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  1. Spinoza on the Ontology of Justice: The Role of ‘Beings of Reason’ (Entia Rationis).Michael A. Rosenthal - 2023 - In Jenny E. Pelletier & Christian Rode (eds.), The Reality of the Social World: Medieval, Early Modern, and Contemporary Perspectives on Social Ontology. Cham: Springer Verlag. pp. 117-135.
    In this paper I make four claims. First, there is an apparent contradiction in Spinoza’s theory of justice. On the one hand, in the Tractatus Theologico-Politicus (1670), he argues that justice is entirely conventional and depends on the ruler’s decision. On the other hand, in the later and unpublished Tractatus Politicus (1677), he claims that man really is a social animal and that we can articulate ideal forms of justice on that basis. Second, to address this apparent inconsistency, we need (...)
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  2. The Metaphysics of Natural Right in Spinoza.John R. T. Grey - 2021 - Oxford Studies in Early Modern Philosophy 10:37-60.
    In the Tractatus Theologico-Politicus (TTP), Spinoza argues that an individual’s natural right extends as far as their power. Subsequently, in the Tractatus Politicus (TP), he offers a revised argument for the same conclusion. Here I offer an account of the reasons for the revision. In both arguments, an individual’s natural right derives from God’s natural right. However, the TTP argument hinges on the claim that each individual is part of the whole of nature (totius naturae), and for this reason inherits (...)
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  3. Natural and state right, or, Spinoza's foundation of practical reason.Gunnar Hindrichs - 2019 - In Wolfgang Bartuschat, Stephan Kirste & Manfred Walther (eds.), Naturalism and democracy: a commentary on Spinoza's political treatise in the context of his system. Boston: Brill.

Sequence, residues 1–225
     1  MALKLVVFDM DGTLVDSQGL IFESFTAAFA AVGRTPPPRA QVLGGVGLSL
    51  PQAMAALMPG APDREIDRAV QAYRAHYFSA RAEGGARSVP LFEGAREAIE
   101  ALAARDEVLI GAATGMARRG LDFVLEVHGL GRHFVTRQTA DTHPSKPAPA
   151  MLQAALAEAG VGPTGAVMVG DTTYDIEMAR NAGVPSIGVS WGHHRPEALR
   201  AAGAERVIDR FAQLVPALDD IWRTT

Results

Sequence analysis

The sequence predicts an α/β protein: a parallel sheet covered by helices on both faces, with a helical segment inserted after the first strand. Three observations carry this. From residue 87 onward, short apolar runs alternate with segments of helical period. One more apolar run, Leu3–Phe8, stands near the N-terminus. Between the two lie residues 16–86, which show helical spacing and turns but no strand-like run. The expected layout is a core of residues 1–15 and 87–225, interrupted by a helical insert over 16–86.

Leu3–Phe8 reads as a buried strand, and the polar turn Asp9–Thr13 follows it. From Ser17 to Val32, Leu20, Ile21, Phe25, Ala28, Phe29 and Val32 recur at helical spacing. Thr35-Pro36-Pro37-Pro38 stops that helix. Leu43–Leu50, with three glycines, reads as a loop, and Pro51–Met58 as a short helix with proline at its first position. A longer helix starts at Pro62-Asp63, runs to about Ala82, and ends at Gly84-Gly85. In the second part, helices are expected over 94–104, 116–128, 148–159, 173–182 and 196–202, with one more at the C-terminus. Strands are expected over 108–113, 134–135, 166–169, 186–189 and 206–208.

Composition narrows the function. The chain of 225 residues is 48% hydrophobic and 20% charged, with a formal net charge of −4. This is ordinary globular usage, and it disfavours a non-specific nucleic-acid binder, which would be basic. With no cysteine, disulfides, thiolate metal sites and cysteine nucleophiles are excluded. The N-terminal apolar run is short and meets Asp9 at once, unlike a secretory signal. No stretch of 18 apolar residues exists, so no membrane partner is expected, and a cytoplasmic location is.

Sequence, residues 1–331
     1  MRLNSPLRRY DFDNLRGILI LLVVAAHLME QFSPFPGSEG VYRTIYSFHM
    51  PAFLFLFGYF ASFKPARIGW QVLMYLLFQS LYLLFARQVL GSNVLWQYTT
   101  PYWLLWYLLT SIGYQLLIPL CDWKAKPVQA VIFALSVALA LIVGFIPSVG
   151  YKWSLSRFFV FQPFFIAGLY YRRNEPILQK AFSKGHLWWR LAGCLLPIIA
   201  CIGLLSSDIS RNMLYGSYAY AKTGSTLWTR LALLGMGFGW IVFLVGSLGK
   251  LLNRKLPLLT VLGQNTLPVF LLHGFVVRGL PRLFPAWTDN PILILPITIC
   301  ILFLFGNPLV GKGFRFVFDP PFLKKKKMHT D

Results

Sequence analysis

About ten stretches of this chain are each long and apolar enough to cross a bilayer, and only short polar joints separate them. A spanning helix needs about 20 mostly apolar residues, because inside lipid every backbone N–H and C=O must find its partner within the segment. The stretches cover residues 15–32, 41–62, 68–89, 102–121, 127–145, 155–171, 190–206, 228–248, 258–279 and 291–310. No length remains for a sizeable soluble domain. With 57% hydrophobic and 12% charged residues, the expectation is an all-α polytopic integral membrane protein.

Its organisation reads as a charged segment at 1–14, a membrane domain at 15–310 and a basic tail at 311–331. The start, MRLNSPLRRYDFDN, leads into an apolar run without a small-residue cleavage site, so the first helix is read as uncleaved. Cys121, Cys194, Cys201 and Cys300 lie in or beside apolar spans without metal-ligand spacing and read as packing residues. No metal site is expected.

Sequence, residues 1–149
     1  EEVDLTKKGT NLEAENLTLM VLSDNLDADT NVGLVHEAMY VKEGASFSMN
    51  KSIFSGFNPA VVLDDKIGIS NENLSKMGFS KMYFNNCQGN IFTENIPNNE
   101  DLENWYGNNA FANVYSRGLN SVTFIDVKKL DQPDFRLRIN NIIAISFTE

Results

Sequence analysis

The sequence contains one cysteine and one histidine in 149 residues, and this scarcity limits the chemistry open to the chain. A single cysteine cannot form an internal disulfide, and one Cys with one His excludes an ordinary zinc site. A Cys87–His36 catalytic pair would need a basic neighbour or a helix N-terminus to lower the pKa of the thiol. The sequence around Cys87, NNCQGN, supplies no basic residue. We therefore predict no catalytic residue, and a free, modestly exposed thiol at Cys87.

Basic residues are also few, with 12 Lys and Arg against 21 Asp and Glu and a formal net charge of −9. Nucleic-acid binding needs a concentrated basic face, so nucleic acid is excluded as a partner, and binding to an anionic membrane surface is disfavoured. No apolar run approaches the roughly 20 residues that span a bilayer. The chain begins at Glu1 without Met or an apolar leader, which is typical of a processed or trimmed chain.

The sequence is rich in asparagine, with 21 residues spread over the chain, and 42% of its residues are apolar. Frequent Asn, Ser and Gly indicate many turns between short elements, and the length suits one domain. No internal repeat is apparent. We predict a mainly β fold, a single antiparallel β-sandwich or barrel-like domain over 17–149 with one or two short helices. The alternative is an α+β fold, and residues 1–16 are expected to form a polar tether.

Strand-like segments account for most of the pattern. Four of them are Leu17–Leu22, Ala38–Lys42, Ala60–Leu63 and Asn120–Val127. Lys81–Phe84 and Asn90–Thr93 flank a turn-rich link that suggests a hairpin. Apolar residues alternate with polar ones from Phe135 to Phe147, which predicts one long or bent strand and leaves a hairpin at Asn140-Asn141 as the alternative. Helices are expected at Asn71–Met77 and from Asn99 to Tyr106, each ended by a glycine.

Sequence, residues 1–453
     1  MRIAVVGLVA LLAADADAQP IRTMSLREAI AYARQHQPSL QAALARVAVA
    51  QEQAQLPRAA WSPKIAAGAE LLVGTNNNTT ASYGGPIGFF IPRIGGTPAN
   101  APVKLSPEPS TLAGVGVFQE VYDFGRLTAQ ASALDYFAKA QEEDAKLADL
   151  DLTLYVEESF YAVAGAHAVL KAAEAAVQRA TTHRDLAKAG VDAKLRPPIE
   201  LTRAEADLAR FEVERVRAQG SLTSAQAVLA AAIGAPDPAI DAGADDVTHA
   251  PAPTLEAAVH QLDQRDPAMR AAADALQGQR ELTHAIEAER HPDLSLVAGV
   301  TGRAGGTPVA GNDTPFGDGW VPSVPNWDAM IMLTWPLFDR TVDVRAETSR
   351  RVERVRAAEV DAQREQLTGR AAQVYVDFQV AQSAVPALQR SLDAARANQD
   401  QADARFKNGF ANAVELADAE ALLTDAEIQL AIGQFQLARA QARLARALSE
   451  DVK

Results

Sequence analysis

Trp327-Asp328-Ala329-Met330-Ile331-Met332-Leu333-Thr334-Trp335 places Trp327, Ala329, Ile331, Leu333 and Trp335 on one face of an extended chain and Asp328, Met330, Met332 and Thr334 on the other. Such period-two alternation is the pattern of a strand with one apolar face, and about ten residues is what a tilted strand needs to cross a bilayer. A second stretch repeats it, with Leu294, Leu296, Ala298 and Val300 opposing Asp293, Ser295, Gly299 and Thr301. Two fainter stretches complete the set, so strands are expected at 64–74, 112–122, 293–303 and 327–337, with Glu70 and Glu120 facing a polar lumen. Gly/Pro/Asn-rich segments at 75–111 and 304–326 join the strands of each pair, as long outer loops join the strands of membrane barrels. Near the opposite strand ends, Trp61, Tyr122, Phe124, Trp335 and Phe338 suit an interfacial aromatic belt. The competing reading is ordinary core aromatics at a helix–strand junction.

4. Spinoza’s Law: The Epicurean Definition of the Law in the Theological Political Treatise.Dimitris Vardoulakis - 2019 - Radical Philosophy 5 (2):23-33.
    In the first few pages of chapter 4 of his Theological Political Treatise (1670), Spinoza defines his conception of the law. In fact, he defines the law twice, first in terms of compulsion or necessity and then in terms of use. I would like to investigate here these definitions, in particular the second one, as it is Spinoza’s preferred one. The difficulty with understanding this definition is that it contains an expression, ratio vivendi, that is repeated several times in the (...)
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  5. Spinoza’s Authority in the Treatises: An Introduction.Dimitris Vardoulakis - 2018 - In Dimitris Vardoulakis & Kiarina Kordela (eds.), Spinoza’s Authority: The Political Treatises. pp. 1-6.
  6. Authority and the Law: The Primacy of Justification over Legitimacy in Spinoza.Dimitris Vardoulakis - 2018 - In Dimitris Vardoulakis & Kiarina Kordela (eds.), Spinoza’s Authority Volume II: Resistance and Power in the Political Treatises. Bloomsbury. pp. 45-66.
    Vardoulakis argues that the notion of law as developed in chapter 4 of Spinoza's Theological Political Treatise does not rely on a notion of legitimacy but rather on how authority justifies itself. To demonstrate this point, Vardoulakis analyzes closely the example of Adam and the Fall used by Spinoza in that chapter of the Treatise.
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  7. Spinoza, Kelsen and the nature of the legal norm.Diogo Pires Aurélio - 2015 - In Andre Santos Campos (ed.), Spinoza and Law. Burlington, VT, USA: Routledge.